S6:E11 - ANDREW SCOTT, INFLECTION POINT COFFEE
A Garagepreneur taking advantage of the SoCal Sun with a solar-powered coffee roaster.
Oh, this has been the best. Yes, it's been difficult. It's been stressful, but it's a different stress when it's for your own company…It's that stress of ownership. It's okay. I know that I'm dealing with this. It's mine, and I'm going to grow it or not, or whatever it is. It's my stress, and I get to own that. It's my actions alone that are going to, like, shift that, alleviate it. I only need to be as stressed as I want to be.
Andrew Scott, Inflection Point Coffee
There is a romance to the grand idea of starting a business in the garage. It’s worked before. Apple was started in a two-car garage in Los Altos, CA. Google, a two-car in Menlo Park, and Hewlett-Packard, a single in Palo Alto, CA. Disney started in a small shed masquerading as a garage in Anaheim, CA.
It’s not just that there is a bit of magic out there in the space away from the reality of meals and television and family and any number of distractions. The garage is where work gets done. It’s no different than the mental transition that comes with putting on a uniform or heading into the office to sit behind a desk. The garage is where work gets done.
It isn’t a coincidence that garages in Southern California have become famous for the number of world-changing businesses that have come out of them. First, the cost per square foot to rent or purchase space is prohibitive for many start-ups and has been for decades. Second, the weather is conducive to year-round work (or play) outside.
Andrew Scott got his start roasting coffee in Chicago.* His Wife gave him a basic Behmor coffee roaster as a gift for Valentine’s Day. It’s his origin story. His new hobby became a passion and part of his work until, one day, it became his work. However, it might not have had they stayed in Chicago.
The winters in the Midwest can be notoriously cold and the wind whistling through the garage brutal. In Andrew’s case, his path led him to electric roasting, which enables him to use solar power, which is beneficial both for the cost of use and for creating a more sustainable business. California’s plentiful sunshine and relatively warm weather** make both possible.
The point is that sometimes our path is often diverted by our environment—not to mention circumstance, chance, and, if you believe in it, fate. I found myself quite inspired by this week’s podcast interview with Andrew Scott and grateful for his willingness to share more than his story.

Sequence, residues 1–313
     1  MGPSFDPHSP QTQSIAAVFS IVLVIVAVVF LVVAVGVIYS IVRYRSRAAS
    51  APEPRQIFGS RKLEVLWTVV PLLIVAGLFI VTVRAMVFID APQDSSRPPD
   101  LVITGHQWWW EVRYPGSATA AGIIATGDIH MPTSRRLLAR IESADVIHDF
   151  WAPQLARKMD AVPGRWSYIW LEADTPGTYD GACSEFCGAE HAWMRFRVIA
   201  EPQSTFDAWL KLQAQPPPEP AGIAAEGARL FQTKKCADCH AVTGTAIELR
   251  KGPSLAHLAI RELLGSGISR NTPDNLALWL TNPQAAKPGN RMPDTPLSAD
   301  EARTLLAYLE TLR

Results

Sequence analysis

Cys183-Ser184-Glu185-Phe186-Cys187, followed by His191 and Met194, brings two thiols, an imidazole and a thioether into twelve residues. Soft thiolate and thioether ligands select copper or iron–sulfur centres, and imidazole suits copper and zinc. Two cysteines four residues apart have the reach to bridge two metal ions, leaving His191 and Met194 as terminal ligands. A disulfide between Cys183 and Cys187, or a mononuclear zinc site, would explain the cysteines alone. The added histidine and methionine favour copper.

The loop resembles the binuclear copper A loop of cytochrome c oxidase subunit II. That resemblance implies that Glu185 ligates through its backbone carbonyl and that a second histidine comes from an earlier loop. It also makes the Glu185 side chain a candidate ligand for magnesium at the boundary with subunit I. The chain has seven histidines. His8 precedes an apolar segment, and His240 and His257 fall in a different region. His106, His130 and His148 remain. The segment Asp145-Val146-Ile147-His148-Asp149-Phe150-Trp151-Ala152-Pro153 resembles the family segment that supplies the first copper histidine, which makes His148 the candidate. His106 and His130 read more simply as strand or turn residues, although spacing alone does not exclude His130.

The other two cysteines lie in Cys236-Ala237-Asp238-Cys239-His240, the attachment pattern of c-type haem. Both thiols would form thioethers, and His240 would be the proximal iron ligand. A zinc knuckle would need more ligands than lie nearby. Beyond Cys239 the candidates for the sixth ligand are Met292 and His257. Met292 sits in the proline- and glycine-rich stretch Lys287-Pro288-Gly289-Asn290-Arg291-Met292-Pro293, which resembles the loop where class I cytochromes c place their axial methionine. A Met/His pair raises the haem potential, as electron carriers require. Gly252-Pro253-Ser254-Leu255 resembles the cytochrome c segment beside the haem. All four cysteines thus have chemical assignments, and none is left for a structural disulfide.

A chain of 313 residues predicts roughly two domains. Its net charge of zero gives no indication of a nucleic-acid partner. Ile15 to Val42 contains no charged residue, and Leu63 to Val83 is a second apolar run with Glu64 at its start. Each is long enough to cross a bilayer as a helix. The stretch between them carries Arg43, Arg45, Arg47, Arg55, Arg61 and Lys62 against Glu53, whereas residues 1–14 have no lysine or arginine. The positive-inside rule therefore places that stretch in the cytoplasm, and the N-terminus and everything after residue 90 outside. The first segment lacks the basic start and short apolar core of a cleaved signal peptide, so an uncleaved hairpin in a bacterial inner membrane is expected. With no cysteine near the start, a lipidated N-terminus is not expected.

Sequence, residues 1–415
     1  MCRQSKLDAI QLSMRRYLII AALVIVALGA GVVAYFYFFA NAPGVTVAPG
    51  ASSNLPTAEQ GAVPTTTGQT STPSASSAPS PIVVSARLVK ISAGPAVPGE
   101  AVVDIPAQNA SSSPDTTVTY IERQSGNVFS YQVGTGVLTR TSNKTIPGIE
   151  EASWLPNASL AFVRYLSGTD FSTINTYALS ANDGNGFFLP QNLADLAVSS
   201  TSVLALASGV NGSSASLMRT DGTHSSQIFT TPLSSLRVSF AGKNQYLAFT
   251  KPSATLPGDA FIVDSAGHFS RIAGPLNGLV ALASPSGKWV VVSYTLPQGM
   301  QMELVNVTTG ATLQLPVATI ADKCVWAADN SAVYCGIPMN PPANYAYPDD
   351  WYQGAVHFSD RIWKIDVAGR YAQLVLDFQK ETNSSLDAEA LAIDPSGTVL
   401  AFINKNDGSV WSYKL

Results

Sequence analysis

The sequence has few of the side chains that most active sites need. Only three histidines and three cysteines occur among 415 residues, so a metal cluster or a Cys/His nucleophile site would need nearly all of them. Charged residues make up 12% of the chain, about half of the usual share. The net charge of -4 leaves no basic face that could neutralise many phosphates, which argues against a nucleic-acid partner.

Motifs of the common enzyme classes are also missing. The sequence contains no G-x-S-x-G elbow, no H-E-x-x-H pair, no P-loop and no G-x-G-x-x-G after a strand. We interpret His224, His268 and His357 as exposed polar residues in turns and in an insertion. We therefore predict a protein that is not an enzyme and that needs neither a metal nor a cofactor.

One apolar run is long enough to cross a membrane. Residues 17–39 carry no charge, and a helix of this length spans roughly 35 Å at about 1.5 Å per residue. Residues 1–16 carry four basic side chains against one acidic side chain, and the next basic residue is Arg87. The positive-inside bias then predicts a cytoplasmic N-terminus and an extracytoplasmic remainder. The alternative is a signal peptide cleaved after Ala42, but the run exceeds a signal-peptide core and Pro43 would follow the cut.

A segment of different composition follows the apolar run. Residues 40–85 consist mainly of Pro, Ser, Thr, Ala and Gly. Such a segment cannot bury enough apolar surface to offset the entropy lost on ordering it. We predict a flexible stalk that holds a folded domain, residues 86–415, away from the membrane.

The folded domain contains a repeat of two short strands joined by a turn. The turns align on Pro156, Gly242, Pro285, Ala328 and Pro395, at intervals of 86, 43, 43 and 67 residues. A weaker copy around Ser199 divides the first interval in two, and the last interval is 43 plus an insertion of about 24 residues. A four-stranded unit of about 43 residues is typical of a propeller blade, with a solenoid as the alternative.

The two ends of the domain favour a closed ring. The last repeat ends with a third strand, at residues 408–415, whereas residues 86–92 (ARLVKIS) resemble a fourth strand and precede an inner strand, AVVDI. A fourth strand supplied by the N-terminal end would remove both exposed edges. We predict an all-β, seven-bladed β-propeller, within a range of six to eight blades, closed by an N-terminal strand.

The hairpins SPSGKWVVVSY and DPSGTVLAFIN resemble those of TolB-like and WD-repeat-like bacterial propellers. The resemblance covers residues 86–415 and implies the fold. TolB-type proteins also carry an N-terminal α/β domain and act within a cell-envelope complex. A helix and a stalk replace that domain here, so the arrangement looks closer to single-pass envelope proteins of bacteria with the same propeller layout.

*I drank my first cup of coffee at Star Lounge Coffee Bar—an off-shoot of Dark Matter Coffee Roaster—in the Ukrainian Village neighborhood of Chicago. It was an awesome experience, and more than a decade later, I’m still grateful for the care the baristas took in guiding me.
**Relative is the key term. I’m wearing a stocking cap as I write this column because it is a cool 70 degrees. The lack of humidity makes 70 feel cold. My apologies to my Wisconsin brethren.
FROM THE SHOW
The Friends show has been off the air for almost two decades, and yet it is still so popular that you can tour the set of the Central Perk Coffee Shop on Stage 48 at Warner Bros. Studios. In the late 1990s, cafe’s around the country were adding soft lighting, pastries, and plenty of cushioned lounge areas in hopes of drawing loyal customers to the cafe experience.
I don’t have my father’s luck either.
When you start to go down the path towards opening a food/beverage production business like a coffee roaster or a food/beverage service business like a coffee shop or cart, you will quickly be overwhelmed–at least momentarily—by required permits and health code restrictions. Even just finding the right information for your business can be hard.
Toast (a restaurant point-of-sale) software company put together this list of general permits you will likely need wherever you are to get started. It’s an easy to consume starting point, but if you’re serious, you’ll very quickly end up on your local government website. They may even have a handy brochure like this one at your local town hall or library:
It will be a lot of information to consume from not terribly well-organized government websites. Don’t be afraid to ask for help or clarification. Often there can be very helpful local officials whose job it is to help new businesses navigate all the rules.
In San Diego County—and many others—the Health Department will require a Food Plan Check. This is a big one and will be the one that determines whether or not you finally get to operate your business.
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